"The issue of environmental quality is one which transcends traditional political boundaries. It is a cause which can attract, and very sincerely, liberals, conservatives, radicals, reactionaries, freaks, and middle-class straights."
Russell Kirk is considered one the luminaries of American conservatism. You have to wonder what he would think how some who call themselves conservatives are enforcing an ideology that says global warming doesn't exist. The LA Times notes today in an editorial about how a small minority of conservatives are keeping Republicans on the anti-global warming side even though there are many in the GOP that would like to have some say in the issue. These rigid views comes even as the business lobby is coming around to the idea that something has to be done about climate change. The Times notes:
...Republicans who do believe in global warming get shunted aside. Nicole Gaudiano of Gannett News Service recently reported that Rep. Wayne Gilchrest asked to be on the Select Committee on Energy Independence and Global Warming. House Republican leader John Boehner of Ohio refused to allow it unless Gilchrest would say that humans have not contributed to global warming. The Maryland Republican refused and was denied a seat.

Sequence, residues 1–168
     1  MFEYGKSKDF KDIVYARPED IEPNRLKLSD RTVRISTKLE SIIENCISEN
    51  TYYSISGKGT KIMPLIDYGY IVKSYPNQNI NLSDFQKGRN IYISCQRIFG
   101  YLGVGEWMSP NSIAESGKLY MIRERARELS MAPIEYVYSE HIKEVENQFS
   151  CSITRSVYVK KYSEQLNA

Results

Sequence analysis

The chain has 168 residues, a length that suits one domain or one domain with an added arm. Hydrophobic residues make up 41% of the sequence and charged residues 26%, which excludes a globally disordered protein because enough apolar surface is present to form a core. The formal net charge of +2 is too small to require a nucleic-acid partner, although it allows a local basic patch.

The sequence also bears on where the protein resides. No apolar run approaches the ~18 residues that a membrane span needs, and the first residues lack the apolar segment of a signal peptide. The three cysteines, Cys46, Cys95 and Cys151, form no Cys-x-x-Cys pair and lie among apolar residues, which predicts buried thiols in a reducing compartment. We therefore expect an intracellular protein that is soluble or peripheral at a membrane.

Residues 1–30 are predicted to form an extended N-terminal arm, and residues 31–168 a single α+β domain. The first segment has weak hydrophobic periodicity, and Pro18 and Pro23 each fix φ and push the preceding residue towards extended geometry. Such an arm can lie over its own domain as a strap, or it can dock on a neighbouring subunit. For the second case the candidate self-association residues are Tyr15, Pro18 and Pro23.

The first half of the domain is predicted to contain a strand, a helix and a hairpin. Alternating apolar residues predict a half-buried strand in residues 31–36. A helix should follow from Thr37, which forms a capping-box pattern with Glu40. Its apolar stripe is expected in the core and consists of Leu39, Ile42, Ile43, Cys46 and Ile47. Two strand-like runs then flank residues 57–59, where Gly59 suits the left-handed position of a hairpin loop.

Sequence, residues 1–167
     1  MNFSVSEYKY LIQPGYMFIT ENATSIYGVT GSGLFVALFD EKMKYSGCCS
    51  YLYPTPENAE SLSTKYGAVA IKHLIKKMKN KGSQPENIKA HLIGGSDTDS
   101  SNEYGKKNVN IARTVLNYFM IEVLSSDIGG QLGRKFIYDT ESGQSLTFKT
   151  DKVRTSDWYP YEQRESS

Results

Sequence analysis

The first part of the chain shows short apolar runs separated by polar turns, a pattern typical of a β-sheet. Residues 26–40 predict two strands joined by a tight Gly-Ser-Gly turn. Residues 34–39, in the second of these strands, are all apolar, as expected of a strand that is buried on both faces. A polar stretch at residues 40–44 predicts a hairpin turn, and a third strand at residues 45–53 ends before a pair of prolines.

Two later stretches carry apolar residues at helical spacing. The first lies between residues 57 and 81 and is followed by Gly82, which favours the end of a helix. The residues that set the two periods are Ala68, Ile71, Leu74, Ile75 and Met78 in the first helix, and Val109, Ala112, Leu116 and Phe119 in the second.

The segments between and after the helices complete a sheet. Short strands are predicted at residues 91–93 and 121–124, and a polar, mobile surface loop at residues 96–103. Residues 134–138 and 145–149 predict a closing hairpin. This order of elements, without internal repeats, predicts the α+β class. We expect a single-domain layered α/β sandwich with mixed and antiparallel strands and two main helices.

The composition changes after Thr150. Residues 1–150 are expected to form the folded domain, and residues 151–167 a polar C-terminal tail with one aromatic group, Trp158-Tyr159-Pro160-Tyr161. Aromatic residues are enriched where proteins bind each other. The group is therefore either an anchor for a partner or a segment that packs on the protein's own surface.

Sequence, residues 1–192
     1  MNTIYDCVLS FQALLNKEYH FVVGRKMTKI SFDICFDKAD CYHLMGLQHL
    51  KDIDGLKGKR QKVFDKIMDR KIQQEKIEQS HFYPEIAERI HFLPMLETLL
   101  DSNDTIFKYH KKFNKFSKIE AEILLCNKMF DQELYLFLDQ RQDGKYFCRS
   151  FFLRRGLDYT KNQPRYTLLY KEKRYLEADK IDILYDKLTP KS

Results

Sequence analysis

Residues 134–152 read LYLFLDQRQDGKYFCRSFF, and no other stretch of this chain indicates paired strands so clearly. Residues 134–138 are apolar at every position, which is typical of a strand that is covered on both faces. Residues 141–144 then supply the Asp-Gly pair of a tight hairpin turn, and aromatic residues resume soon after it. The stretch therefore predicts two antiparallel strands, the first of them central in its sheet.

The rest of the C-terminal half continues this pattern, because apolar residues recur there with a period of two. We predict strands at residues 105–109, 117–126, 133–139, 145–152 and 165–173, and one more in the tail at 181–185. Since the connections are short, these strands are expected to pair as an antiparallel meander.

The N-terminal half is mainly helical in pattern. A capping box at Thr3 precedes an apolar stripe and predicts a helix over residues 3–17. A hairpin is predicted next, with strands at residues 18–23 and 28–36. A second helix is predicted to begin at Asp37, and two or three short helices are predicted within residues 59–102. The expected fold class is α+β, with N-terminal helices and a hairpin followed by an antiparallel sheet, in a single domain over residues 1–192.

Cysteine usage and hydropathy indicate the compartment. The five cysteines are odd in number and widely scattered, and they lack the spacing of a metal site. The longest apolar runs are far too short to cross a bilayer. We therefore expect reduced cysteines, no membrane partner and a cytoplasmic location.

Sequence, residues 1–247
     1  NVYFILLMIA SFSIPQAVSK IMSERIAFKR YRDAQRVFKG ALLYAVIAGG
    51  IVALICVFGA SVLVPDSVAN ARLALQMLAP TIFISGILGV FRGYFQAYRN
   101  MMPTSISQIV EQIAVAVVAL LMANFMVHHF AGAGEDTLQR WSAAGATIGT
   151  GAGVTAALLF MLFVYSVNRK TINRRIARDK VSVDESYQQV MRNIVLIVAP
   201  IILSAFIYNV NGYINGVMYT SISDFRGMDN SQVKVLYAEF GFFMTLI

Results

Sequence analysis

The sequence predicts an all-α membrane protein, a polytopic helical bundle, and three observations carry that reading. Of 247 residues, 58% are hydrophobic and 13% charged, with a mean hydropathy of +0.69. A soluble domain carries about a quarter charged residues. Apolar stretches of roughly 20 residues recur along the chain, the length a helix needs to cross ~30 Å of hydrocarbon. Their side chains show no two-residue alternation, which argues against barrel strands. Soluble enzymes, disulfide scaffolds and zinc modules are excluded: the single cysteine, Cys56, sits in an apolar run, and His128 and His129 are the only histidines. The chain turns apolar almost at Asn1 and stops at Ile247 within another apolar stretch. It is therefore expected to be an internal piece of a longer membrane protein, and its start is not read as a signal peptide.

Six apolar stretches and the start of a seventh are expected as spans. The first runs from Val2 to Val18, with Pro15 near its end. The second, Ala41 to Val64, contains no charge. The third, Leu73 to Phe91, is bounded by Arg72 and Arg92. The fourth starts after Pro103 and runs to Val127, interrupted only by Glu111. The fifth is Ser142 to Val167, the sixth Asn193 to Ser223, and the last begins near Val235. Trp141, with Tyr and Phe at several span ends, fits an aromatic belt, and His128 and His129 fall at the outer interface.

Reps. Roscoe Bartlett (R-Md.) and Vernon Ehlers (R-Mich.), both research scientists, also were denied seats on the committee. Normally, relevant expertise would be considered an advantage. In this case, it was a disqualification; if the GOP allowed Republican researchers who accept the scientific consensus to sit on a global warming panel, it would kill the party's strategy of making global warming seem to be the pet obsession of Democrats and Hollywood lefties.
The phenomenon here is that a tiny number of influential conservative figures set the party line; dissenters are marginalized, and the rank and file go along with it. No doubt something like this happens on the Democratic side pretty often too. It's just rare to find the phenomenon occurring in such a blatant way.
Now, I don't like Al Gore much either, but that doesn't mean I think that the topic of Climate Change is somehow a lefty conspiracy. What's amazing and sad is that this has become a political issue. It boils down to "if the Democrats are for it, then we have to be against it." Everything in the GOP these days is about politics and how to stick to the Dems and not about governing. With some in the business community like Dupont, leading the way on climate change, the GOP leadership might be heading towards being irrelelvant, becoming a small band of know-nothings, like those who believe the moom landing was staged.
For a more realistic Republican viewpoint, you might want to read this speech by David Jenkins of Republicans for Environmental Protection.
Thanks to Michael van der Galien for the tip.